Chapel Hill shooting: When is a crime a 'hate crime?'

Willie Grace | 2/12/2015, 10:55 a.m. | Updated on 2/12/2015, 10:55 a.m.
But police in Chapel Hill, North Carolina, say the Tuesday evening shooting appeared to be fueled by rage over a ...
University of North Carolina Chapel Hill

Derrick Donchak and Brondon Piekarsky had repeatedly kicked a Mexican man in the head while hurling racist slurs at him. The man died.

What about the 'terrorism' label?

That, too, has legal ramifications, and is not applied lightly.

The feds have a very specific definition of when something is an act of domestic terrorism.

It has to have three characteristics: an act that takes place in the U.S., that's dangerous to human life, and is intended to intimidate civilians or affect government policy by "mass destruction, assassination, or kidnapping."

Probably the best example is the Fort Hood shooting in 2009. To the victims at the Texas base, it was an act of terror, when Maj. Nidal Hassan opened fire on his fellow service members.

But federal authorities never used the terrorism label. It met some of the criteria, but it was a legal move. Avoiding the label made it easier for them to pursue the death penalty.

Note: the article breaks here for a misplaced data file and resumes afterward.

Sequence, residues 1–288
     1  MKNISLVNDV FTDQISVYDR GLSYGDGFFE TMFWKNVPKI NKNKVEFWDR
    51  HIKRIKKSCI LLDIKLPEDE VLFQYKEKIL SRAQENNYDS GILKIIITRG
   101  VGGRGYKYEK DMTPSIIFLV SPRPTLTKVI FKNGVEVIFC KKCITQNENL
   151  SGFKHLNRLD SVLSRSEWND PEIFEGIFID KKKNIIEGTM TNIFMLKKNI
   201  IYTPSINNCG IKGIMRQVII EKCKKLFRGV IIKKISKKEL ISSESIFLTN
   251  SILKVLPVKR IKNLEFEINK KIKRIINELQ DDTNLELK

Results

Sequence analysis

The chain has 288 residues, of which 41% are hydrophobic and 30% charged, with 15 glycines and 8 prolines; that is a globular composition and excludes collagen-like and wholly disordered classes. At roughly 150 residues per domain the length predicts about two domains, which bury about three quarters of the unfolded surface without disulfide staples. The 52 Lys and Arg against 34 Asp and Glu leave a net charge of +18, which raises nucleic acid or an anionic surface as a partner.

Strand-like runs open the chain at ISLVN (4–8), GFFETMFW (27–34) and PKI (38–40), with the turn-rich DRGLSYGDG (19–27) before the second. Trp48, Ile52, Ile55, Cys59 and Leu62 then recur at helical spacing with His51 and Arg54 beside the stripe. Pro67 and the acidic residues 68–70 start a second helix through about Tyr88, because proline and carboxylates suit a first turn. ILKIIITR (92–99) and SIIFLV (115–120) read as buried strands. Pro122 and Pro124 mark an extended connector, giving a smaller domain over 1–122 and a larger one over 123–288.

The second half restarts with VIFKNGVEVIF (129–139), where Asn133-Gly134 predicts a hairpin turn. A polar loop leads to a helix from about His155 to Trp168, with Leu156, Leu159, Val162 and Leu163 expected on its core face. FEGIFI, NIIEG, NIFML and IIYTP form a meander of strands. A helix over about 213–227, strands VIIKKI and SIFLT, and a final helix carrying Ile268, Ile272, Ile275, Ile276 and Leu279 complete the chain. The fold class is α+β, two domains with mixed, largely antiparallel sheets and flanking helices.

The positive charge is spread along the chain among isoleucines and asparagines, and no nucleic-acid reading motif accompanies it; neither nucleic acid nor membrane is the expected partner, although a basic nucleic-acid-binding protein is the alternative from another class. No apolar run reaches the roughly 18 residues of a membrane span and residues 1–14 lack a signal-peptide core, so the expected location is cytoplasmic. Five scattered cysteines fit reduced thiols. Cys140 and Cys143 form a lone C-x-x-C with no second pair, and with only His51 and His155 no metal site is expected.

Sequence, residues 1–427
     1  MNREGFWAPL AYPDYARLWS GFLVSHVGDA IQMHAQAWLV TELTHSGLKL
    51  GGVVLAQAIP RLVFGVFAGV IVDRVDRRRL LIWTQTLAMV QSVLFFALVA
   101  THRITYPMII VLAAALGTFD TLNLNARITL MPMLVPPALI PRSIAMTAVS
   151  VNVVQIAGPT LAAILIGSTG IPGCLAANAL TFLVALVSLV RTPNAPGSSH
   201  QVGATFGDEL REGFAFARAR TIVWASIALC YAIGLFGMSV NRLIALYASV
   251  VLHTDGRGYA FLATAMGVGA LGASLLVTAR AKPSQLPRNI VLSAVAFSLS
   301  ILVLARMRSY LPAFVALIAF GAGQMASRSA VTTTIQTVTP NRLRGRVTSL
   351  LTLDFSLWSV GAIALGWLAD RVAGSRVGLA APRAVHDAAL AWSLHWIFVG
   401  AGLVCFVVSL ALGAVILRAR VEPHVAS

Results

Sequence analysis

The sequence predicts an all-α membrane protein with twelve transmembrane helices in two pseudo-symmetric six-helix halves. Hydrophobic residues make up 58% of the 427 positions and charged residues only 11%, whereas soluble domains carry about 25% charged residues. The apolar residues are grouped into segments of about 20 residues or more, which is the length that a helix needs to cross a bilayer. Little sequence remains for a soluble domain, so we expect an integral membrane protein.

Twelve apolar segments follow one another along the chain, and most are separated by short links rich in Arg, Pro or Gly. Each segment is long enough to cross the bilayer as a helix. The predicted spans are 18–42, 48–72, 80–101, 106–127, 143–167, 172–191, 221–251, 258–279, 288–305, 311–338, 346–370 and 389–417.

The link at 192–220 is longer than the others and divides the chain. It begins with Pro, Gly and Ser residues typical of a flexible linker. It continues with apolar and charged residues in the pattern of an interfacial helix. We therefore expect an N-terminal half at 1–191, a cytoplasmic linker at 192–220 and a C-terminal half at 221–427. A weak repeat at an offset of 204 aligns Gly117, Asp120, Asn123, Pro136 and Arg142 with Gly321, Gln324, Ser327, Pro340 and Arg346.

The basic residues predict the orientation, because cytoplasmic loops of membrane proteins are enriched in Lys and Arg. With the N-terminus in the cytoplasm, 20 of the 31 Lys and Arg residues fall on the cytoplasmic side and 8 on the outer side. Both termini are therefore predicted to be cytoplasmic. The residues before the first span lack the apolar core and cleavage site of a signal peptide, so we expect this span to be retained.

Why doesn't the 'hate crime' label apply here?

There's not much concrete evidence of bias, police in North Carolina say. They're searching Hicks' computer and so far have not come up with anything that points in that direction, a law enforcement official briefed on the investigation told CNN.

Ripley Rand, the U.S. attorney for the Middle District of North Carolina, said there was no federal investigation underway, and the incident appeared to be isolated rather than part of an organized campaign against Muslims in the state.

Hicks' wife, who is in the midst of divorce proceedings, told journalists she's convinced religion had nothing to do with it. Her divorce lawyer Rob Maitland, her attorney, said the shooting "highlights the importance of access to mental health care services."

He declined to provide any details about the suspect's mental health history, but said, "obviously it's not within the range of normal behavior for someone to shoot three people over parking issues."

So, why are people calling it a 'hate crime'?

On what is believed to be his Facebook page, Hicks is quite vocal about his atheism. And those alleging it's a hate crime are passing around a post attributed to him:

"When it comes to insults, your religion started this, not me. If your religion kept its big mouth shut, so would I." CNN cannot confirm the authenticity of the post.

By itself, it's thin, said CNN legal analyst Mark O'Mara.

It's "one piece of evidence that suggests that he had a hatred or dislike for the Muslim community - potentially. If that was the only piece of evidence, I don't think it's enough, quite honestly," he said.

Contrast this case with the Kansas City shooting last year when Frazier Glenn Cross allegedly opened fire at two Kansas Jewish centers. The three people he killed were Christian.

Organizations that track hate groups described Cross, who is also known as Frazier Glenn Miller, as a long-time white supremacist. Another indication of his mindset were the words he shouted from the back of the patrol car after his arrest: "Heil Hitler."